Sept. 30 — Outside markets were mixed today as financials slid back on a quiet day with limited activity, while crude oil took a big jump upward.
Currencies continued to bounce hard today as the U.S. dollar closed down just over four-10ths of a cent, and the Canadian dollar closed up 1.37 cents today at US93.64 cents, primarily driven by the rally in crude oil.
Most grains started off in a negative mood today as the U.S. Department of Agriculture’s numbers were released, but the strong rally in the energies helped to pull grains out of a slump and allowed them to finish with gains for the most part. Wheat finished stronger at the end of trade, most likely because of the fact that a number of short positions were being rolled forward and were being squeezed as the end-of-month trading was being finalized.
The Dow Jones December quote finished down 21 points, closing at 9,652 today.
Crude oil closed up $3.90 a barrel at US$70.61.
Corn closed up two to 3.2 cents a bushel today.
Beans closed up 10 to 12 cents a bushel today.
Wheat futures closed up seven to 15 cents a bushel. Minneapolis December wheat closed up 8.4 cents a bushel for the day.
Canola closed mixed, down 30 cents per tonne on nearby futures to up $1.90 per tonne on forward months.
October Western barley dropped $2 per tonne, closing at $105. November futures closed down $2, at $148 per tonne.
USDA came out today with updated grain production and inventory numbers for the 2008 crop. They reduced the overall corn stocks and increased the wheat and bean stocks.
Decreased export demand, due to the world economic slowdown, was cited as the main reason stocks are higher for both wheat and beans.
Statistics Canada on Friday will release an updated production report which is expected to show production increases to all grains over the August report. The real mystery is where will crop yields truly end up this year, as they have continually improved over the past three months as the growing and harvest weather co-operated and frost stayed away.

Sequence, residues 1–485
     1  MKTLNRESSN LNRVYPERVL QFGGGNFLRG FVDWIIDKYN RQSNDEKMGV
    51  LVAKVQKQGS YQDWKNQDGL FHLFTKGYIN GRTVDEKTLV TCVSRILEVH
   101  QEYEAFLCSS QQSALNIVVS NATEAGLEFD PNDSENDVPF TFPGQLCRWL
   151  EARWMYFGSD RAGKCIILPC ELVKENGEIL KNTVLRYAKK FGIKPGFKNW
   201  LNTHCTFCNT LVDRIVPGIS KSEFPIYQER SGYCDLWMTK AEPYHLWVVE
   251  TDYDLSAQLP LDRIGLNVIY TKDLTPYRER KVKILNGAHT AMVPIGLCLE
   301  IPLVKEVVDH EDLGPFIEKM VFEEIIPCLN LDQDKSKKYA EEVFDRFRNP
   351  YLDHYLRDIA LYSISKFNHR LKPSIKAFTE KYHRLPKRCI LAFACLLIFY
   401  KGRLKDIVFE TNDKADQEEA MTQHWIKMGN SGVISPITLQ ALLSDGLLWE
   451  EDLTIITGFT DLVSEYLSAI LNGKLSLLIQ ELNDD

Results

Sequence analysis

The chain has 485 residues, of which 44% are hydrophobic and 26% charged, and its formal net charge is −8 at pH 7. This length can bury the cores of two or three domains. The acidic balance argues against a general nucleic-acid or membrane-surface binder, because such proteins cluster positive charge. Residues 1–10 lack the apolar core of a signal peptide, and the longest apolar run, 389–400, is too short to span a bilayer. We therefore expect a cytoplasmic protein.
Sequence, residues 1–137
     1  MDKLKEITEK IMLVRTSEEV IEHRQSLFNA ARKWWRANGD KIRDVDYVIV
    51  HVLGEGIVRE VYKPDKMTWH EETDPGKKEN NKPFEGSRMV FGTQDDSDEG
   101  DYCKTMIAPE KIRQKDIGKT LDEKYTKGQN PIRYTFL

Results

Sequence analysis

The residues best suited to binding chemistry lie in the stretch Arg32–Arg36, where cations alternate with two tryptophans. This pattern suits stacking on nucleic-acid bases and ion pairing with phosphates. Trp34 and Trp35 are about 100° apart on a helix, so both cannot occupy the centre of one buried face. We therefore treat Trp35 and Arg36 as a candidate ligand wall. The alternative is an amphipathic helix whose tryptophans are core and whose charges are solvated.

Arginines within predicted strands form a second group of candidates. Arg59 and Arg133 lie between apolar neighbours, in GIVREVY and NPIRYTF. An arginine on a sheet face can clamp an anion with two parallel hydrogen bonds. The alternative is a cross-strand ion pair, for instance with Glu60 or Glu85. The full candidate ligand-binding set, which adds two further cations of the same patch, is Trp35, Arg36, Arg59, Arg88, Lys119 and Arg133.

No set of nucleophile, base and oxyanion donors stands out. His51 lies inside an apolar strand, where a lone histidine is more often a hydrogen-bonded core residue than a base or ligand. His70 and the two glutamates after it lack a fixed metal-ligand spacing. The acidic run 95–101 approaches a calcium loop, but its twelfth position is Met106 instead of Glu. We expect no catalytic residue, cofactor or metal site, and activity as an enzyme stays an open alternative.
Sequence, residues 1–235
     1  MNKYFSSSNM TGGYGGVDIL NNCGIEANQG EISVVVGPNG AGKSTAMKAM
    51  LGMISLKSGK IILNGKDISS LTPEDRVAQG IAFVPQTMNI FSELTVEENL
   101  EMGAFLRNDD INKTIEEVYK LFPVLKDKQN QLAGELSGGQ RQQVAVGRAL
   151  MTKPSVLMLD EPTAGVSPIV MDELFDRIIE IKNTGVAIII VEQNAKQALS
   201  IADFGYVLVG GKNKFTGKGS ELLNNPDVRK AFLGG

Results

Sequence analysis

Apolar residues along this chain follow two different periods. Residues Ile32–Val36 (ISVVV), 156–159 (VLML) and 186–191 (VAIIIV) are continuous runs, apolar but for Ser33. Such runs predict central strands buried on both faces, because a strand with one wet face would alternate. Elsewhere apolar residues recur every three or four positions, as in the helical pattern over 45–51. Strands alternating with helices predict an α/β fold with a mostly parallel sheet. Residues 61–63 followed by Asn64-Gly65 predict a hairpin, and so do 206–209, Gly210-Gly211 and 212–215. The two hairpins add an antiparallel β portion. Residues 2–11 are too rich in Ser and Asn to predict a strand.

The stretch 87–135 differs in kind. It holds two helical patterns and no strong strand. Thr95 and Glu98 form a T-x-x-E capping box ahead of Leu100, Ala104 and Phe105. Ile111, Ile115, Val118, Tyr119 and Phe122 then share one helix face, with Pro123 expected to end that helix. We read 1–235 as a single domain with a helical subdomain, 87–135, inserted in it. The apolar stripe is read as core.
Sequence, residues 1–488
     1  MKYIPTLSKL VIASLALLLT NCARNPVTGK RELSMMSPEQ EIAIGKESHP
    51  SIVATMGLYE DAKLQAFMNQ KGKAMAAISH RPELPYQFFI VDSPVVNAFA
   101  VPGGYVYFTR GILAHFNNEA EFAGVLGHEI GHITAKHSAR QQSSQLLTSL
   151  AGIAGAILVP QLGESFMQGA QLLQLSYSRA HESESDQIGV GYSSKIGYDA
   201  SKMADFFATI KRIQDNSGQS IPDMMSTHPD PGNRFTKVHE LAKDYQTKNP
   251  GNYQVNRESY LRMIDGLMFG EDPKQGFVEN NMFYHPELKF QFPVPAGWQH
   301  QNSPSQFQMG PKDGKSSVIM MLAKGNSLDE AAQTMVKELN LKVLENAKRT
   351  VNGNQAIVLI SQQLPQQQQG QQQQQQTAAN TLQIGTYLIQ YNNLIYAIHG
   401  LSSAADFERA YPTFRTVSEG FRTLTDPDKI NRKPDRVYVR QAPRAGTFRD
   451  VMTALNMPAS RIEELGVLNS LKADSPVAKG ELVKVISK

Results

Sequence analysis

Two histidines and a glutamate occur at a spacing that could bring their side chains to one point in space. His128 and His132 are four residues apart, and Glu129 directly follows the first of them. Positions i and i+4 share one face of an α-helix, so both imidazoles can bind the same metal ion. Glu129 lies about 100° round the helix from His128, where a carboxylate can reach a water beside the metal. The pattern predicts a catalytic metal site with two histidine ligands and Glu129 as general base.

I did a fast two-day tour to Regina, via Highway 1 going out, and I came back through Kenaston and Rosetown; I can tell you I saw a lot of grain being stored in temporary bins, bags and piles on the ground throughout my trip. Back home around Strasbourg they have some of the best crops they have seen in the past 50-plus years, according to the coffee shop talk.
Tomorrow at 9:30 CT is the start of tonnage sign-up for the Canadian Wheat Board’s GrainFlo program. It’s highly anticipated that the tonnage limitations for the durum will be gone within the first hour and that the limits for CWRS will be gone by the end of the day.
You have to have your local elevator agents enter the contract for you, as they are the ones who need to determine the grade and protein for the contract. So, if you’re wanting to get in on the program, you had better talk to your agent today.
A lot of agents I have talked to have a first-come, first-serve list; they will start at the top and work their way down until they can’t get anymore tonnes in on the program.
That’s all for today. — Brian
— Brian Wittal has spent over 27 years in the grain industry, including as an elevator manager and producer services representative for Alberta Wheat Pool, a regional sales manager for AgPro Grain and farm business representative for the Canadian Wheat Board, where he helped design some of the new pricing programs. He also operates his own company providing marketing and risk management advice for Prairie grain producers. Brian’s daily commentaries focus on how domestic and world market conditions affect you directly as grain producers.
Brian welcomes feedback and information on market conditions in your area, such as current offering prices, basis levels, trucking premiums and special crops contracts. Contact Brian today.